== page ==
Modulation of olfaction by recurrent centrifugal connections after olfactory-visual convergence in the honeybee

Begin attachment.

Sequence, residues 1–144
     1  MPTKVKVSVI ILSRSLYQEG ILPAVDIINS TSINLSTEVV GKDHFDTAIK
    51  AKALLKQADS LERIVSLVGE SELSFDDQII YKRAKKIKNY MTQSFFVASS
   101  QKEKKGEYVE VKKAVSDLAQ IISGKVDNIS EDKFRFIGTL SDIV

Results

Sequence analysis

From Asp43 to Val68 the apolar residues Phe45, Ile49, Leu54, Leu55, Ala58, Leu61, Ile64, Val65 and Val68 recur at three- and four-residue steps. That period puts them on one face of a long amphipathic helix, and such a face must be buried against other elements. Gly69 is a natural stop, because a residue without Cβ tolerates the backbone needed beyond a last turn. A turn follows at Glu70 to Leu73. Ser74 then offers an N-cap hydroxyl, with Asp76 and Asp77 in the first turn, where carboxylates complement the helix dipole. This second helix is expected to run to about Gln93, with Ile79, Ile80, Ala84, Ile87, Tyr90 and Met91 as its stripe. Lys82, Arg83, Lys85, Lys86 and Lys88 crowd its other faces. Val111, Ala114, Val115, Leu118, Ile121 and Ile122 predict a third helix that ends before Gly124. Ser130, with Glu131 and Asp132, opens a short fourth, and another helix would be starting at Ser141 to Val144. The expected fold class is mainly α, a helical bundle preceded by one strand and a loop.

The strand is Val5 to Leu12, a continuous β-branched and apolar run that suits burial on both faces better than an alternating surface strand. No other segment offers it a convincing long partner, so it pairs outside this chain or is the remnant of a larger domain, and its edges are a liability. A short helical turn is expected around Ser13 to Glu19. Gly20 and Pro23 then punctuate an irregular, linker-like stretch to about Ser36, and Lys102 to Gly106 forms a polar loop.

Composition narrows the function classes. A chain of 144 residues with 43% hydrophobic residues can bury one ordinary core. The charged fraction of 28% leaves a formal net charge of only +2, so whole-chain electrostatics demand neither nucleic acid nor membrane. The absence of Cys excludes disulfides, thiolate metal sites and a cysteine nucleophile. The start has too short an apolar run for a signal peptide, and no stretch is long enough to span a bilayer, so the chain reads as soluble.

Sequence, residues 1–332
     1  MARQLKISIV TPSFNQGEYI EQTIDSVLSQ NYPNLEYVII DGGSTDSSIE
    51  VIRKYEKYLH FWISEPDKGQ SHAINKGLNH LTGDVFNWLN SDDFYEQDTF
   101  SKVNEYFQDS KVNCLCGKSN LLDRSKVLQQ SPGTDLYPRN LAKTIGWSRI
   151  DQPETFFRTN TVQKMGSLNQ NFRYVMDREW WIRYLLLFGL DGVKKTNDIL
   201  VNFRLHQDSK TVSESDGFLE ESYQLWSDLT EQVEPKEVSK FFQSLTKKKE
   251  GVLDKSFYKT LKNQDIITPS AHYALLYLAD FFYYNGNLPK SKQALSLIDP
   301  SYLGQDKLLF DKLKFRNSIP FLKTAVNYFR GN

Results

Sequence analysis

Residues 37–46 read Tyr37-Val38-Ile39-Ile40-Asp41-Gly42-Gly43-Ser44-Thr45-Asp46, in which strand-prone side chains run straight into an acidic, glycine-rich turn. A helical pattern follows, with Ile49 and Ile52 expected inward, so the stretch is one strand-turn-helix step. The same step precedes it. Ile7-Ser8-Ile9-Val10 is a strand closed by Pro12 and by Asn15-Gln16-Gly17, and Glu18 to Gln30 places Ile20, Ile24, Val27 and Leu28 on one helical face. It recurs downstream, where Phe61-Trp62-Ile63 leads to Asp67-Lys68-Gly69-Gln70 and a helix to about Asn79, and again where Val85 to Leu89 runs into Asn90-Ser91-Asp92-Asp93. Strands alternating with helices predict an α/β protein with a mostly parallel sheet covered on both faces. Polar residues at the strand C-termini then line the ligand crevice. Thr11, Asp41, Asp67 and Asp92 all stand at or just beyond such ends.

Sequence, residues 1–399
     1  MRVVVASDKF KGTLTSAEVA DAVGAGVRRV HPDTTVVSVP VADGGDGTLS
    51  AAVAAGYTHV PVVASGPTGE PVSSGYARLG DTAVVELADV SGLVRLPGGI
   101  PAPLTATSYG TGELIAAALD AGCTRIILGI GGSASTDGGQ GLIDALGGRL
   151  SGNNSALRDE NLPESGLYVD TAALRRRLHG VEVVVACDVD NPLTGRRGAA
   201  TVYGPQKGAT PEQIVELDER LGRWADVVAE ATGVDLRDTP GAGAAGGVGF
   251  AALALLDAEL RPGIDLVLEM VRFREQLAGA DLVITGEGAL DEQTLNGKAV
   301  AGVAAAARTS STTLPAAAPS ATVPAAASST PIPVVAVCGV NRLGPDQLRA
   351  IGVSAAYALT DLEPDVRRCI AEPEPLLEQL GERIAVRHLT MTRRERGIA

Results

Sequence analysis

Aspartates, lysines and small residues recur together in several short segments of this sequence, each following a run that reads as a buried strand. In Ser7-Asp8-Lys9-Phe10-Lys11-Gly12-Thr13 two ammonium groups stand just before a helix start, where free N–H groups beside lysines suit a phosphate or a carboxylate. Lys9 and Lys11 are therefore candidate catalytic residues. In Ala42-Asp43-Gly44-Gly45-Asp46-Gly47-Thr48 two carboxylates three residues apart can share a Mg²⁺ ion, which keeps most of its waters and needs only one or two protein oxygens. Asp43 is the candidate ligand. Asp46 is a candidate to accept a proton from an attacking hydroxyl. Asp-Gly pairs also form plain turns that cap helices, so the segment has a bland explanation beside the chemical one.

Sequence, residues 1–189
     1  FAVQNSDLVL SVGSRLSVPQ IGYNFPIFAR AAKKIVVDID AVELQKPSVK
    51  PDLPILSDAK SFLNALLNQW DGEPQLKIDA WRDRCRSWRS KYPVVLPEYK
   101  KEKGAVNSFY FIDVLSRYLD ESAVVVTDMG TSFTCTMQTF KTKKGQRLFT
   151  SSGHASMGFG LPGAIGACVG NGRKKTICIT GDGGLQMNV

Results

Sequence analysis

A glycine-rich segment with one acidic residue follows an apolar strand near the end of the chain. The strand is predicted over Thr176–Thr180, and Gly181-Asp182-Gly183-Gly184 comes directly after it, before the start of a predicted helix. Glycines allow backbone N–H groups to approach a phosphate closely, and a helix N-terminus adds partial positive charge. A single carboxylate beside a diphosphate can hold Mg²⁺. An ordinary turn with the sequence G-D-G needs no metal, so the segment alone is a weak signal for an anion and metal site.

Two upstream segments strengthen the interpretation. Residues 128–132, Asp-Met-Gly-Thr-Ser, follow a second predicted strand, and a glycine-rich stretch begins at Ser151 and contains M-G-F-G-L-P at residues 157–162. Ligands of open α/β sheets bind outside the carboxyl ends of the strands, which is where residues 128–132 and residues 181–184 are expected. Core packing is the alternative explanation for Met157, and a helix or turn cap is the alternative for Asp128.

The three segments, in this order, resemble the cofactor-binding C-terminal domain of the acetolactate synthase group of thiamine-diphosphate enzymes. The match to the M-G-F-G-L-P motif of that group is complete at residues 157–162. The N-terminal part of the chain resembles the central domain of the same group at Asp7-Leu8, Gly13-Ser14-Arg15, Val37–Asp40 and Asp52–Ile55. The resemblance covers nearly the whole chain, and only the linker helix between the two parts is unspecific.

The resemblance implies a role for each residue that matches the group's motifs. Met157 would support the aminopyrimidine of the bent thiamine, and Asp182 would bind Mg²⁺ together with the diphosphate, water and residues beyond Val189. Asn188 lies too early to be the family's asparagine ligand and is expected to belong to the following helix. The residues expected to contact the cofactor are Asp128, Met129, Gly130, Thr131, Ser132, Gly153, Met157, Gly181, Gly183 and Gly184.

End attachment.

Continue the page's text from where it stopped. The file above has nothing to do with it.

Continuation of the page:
Multisensory integration is central to perception as the natural environment is always represented via different sensory modalities. How brains extract relevant features in a multisensory context and combine individual modalities with experience to form a common percept is only partially understood. In the olfactory system, parallel processing and recurrent modulatory connections with high-order integration centres determine the representation of the olfactory world at different processing stages. The goal of this project is to elucidate context- and experience-related modulation along the insect olfactory pathway. The foraging ecology and neurobiology of the honeybee offer a favourable experimental model for investigating recurrent interactions between the antennal lobes, the primary olfactory centres, and integration centres in the mushroom body and lateral horn. Honeybees have a close relationship with flowering plants where they collect nectar and pollen. Here, olfaction and vision represent the most prominent sensory input channels during foraging. We hypothesize that mushroom body output neurons mediate visual context and previous experience via long-range recurrent modulation within the olfactory pathway, particularly at the level of the antennal lobe and lateral horn. We will test this by combining long-term multi-unit electrophysiology and neuroanatomical tracing of circuits with behavioural experiments and in vivo calcium imaging. Our goal is to understand general principles of olfactory perception within a foraging-related multisensory context and following experience.